Fading Hopes of a U.S.-Sino Trade Deal Hammers Share Prices

December 3, 2019

Evidence keeps mounting that a near-term trade deal is slipping away. President Trump denied any deadline and hinted that a phase I agreement will not happen before next year. Angry about the U.S. congress’s resolution of support for Hong Kong protesters and perceived U.S. interference in Chinese domestic affairs on the mainland, Beijing officials reportedly are preparing a list of U.S. companies to be shunned.

U.S. equities have dropped over 1.0% today. So too have markets in Canada, the U.K., France Italy, and Australia, but China’s equity market shows a slight gain. Japan’s Nikkei closed down 0.6%.

Ten-year sovereign debt yields have fallen 10 basis points in the U.S., 6 basis points in Germany, France and Spain, 5 bps in the U.K. and 3 bps in Italy.

The  wave of risk aversion lifted gold over 1.0% and depressed the price of WTI  oil by 0.4%.

The dollar rose 0.3% against the yuan but fell 0.5% against the Swiss franc, 0.3% relative to sterling, 0.2% vis-a-vis the Aussie dollar and yen and 0.1% versus the kiwi. The dollar so far on net today is unchanged against the euro, loonie and peso.

The Reserve Bank of Australia Board left its official cash rate unchanged at a record low of 0.75%, which was reached after a recent trio of 25-basis point cuts in June, July and October. Similar to a statement released after the November meeting, today’s explanatory statement projects low interest rates for an extended period of time and warns that further easing will be undertaken if trends in consumer prices and the labor market fail to track along desired improving paths. Wages are too subdued, and unemployment needs to fall. Growth is projected to accelerated a bit, and a gradual rise in inflation to 2% in 2020-21 is also thought likely. The statement observes low interest rates in other countries.

Central banks are also being reviewed today in Poland and Chile.

Producer prices in the euro area rose 0.1% in October but posted their greatest year-on-year decline (1.9%) in 38 months. Energy prices were 7.9% lower than a year earlier, and all other producer prices collectively were up only 0.3%.

South Korean real GDP in the third quarter of 2019 was confirmed at the preliminary growth estimates, that is a 2-quarter low rise of 0.4% versus 2Q and a year-on-year 2.0% advance, which matches the second-quarter result.

Third-quarter real GDP in South Africa contracted 0.6% on quarter at an annualized rate. This depressed on-year growth to a mere 0.1% from 0.9% in the second quarter and 1.3% in the third quarter of 2018.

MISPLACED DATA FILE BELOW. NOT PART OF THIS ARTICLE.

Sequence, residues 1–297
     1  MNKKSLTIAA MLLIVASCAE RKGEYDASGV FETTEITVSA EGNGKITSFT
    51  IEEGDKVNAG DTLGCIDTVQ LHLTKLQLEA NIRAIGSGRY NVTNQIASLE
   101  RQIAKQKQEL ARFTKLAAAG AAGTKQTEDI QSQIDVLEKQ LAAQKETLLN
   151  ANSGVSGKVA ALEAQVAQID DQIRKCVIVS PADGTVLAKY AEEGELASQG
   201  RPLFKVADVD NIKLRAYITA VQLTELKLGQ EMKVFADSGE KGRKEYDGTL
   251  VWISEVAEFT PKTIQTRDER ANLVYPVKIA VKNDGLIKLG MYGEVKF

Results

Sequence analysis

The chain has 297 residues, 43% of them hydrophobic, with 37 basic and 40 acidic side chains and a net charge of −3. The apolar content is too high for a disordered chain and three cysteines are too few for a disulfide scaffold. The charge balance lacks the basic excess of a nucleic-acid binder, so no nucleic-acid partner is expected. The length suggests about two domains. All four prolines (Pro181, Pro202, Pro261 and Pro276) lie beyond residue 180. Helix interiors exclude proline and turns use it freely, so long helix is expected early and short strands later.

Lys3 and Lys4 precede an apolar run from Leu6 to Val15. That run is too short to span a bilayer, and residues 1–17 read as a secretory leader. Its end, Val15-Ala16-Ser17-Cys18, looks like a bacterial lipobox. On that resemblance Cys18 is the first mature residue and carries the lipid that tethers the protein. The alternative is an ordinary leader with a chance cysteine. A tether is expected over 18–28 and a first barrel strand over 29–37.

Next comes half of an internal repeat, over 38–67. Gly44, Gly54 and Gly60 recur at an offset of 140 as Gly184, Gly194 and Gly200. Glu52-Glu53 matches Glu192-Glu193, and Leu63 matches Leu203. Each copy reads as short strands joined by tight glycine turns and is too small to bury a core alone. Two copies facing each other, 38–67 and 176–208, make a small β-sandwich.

A 0.6% rise of Brazilian real GDP last quarter was the most since the first quarter of 2018. On-year growth of 1.2% represents a three-quarter high. Brazil’s trade balance in the first 11 months of 2019 ($41.08 billion) was 20.4% smaller than a year earlier.

Australia’s current account surplus widened to a record high of A$ 7.855 billion in 3Q19 and compares with a A$ 10.188 billion deficit in the third quarter of 2018.

Swiss consumer price inflation stayed negative in November but accelerated to -0.1%. An on-year CPI drop of 0.3% in October had been the largest such drop since December 2016.

Turkish CPI inflation rebounded from a 3-year low of 8.55% in October to a 3-month  high of 10.56% in November. Core CPI inflation increased 2.6 percentage points to 9.25%.

On-year growth in Japan’s monetary base of 3.2% in October-November matched the pace of the third quarter but was down from 4.0% in the first half of this year, 7.3% in 2018, and 17.0% in 2017. The base is the monetary aggregate over which the central bank exerts most direct control.

British same-store sales posted a record 4.9% on-year decline in November. There had been a 0.1% on-year uptick in October.

The British construction purchasing managers index rose 1.1 points to a 4-month high of 45.3 in November, indicating the slowest rate of contraction since July.

The global manufacturing PMI in November moved above the 50 line of neutrality in November for the first time in seven months, but such improvement is unlikely to endure given the recent deterioration in U.S.-Sino trade talks.

Non-oil private purchasing manager surveys for November revealed a 26-month low of 47.9 in Egypt but a 51-month highof 58.3 in Saudi Arabia‘s economy.

Copyright 2019, Larry Greenberg. All rights reserved. No secondary distribution without express permission.

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